Lutherie - Pictures of early dulcimers and psalteries.
People - Family and friends
Dwight - embarrassingly weird self portraits and ID pictures.
My early forays into the art of lutherie.
1968 - This was the first "serious" instrument I ever made. It was cobbled together from the great book by Howard Mitchell The Mountain Dulcimer: How to Make It and Play It After a Fashion (Folk-Legacy Records Inc; ISBN: 0938702017; (December 1965). I used materials at hand, which meant kerfed 1/4" plywood sides, 1/8" birch plywood top and back, fingerboard cut from a clear 2x4 and the head cut from a fir 4x4. Originally fretted with baling wire, later replace with nickel-silver fret wire. The interior is hugely overbuilt with heavy braces. The cutout at the strumming end of the fingerboard was a bad idea. I used Mitchell's innovation of a floating tail so the bridge was not fastened down to the end block, but this only works if your fingerboard it strong enough to handle the tension by itself. I later filled in the cutout. The whole thing was stained (badly) and finished with heavy gloss spar varnish. This monster is indestructible. It still plays like it was new and has a very big sound.
Upon the success on Opus One, I decided to make an instrument the actually looked nice. I found some 1/8" mahogany and ebony at a remote little wood specialty store in Chicago. I also bought the inlay edge linings there. I used white pine for the fingerboard covered with a thin layer of solid black ebony. The sides and back are decorated with pen & ink scrollwork in a design stolen from Stradivari.
I was offered the use of the high school woodshop, which had a fabulous industrial bandsaw and other great tools that I used to make the side molds. The inside molds could be removed and the outside molds hinged together at the tail end to make a full body mold for gluing the head, block and sides. Then the back is glued on, then the front, fingerboard and fretboard.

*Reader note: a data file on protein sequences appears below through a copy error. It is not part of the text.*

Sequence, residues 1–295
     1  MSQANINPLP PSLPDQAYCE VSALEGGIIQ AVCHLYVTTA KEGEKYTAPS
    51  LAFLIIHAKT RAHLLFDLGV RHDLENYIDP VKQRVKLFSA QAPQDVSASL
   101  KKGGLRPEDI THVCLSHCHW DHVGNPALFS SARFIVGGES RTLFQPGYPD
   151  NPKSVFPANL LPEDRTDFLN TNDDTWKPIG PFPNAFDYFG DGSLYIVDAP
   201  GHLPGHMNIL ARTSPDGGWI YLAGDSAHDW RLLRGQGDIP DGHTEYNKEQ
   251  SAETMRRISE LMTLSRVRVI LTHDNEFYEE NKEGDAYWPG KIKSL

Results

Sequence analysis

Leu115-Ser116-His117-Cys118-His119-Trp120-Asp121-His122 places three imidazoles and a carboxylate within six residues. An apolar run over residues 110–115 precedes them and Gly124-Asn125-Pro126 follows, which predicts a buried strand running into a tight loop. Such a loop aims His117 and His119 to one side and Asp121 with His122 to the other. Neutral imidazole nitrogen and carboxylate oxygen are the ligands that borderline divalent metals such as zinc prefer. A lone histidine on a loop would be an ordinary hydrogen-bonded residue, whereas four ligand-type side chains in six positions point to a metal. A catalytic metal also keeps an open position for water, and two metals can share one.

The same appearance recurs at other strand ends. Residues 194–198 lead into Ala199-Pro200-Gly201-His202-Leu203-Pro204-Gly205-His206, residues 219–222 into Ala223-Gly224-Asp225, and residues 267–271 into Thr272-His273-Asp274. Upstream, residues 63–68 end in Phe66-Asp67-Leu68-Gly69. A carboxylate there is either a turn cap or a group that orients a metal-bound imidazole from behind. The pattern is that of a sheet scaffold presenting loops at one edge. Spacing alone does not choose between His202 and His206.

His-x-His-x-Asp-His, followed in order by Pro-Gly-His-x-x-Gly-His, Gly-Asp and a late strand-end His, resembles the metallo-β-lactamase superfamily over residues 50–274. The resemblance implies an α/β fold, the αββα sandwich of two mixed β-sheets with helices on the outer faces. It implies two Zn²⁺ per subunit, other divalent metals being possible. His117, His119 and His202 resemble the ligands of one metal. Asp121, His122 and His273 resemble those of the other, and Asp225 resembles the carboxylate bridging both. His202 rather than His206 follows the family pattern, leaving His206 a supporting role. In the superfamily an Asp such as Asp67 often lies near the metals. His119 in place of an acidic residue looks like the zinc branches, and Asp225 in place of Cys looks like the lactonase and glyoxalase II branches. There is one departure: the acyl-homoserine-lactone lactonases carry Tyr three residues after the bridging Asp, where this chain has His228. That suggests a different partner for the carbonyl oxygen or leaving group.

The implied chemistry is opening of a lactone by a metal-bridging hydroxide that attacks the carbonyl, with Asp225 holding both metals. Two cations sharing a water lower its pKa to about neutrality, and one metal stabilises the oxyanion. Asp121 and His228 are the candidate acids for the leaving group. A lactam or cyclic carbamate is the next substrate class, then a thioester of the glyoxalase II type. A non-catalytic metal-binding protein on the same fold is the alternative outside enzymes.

The sides were pre-bent by soaking them in warm water and then bending against a hot clothes iron. This was a long, tedious process that resulted in several broken side pieces, primarily because I did not have good wood and it was too thick.
The mahogany was very difficult to bend. For my next dulcimer I decided to try poplar. It had other problems, but was generally easier to work with. I didn't have enough ebony to cover the entire fingerboard, so I put a thin strip of walnut along the right edge and decorated the tail end so it looked intentional. I liked the pale green cast of the poplar grain, but after a year or so it turned quite brown. The head, blocks and fingerboard are all maple.
With the lighter wood, it seemed to call out for even more decoration.
This is the only surviving evidence of a walkingstick dulcimer I made. It had two strings. It was built on a butternut cane I made from a piece of scrap. I built a redwood freeform trapezoidal box around it and extended a fingerboard at an angle from the box to the nut. I don't think it worked very well and is now long lost.
These are not my first psalteries ever, but are among the first of about 100 that I built for sale. After these first few I began making a lot of fancier ones, almost always with spruce tonewood tops. For more info about my psalteries see my psaltery page.
I designed the bows using a feature of synthetic hair. A bunch of hair, when kept tightly bundled and held over a flame, will fuse into a ball which can then be inserted into a hole in each end of the bow. The bow hairing jig puts bow under tension and holds it steady so that the spring in the wood will keep the hair tight.
I made bow to match the instruments. I liked to use different lengths. At left, the short bow in the middle was made from the branch of a downed dogwood tree.
I made several sets of chime trees to sell at art fairs along with my psalteries. I purchased 20 foot lengths of aluminum rod which I cut, finished and hung from a wooden hanger.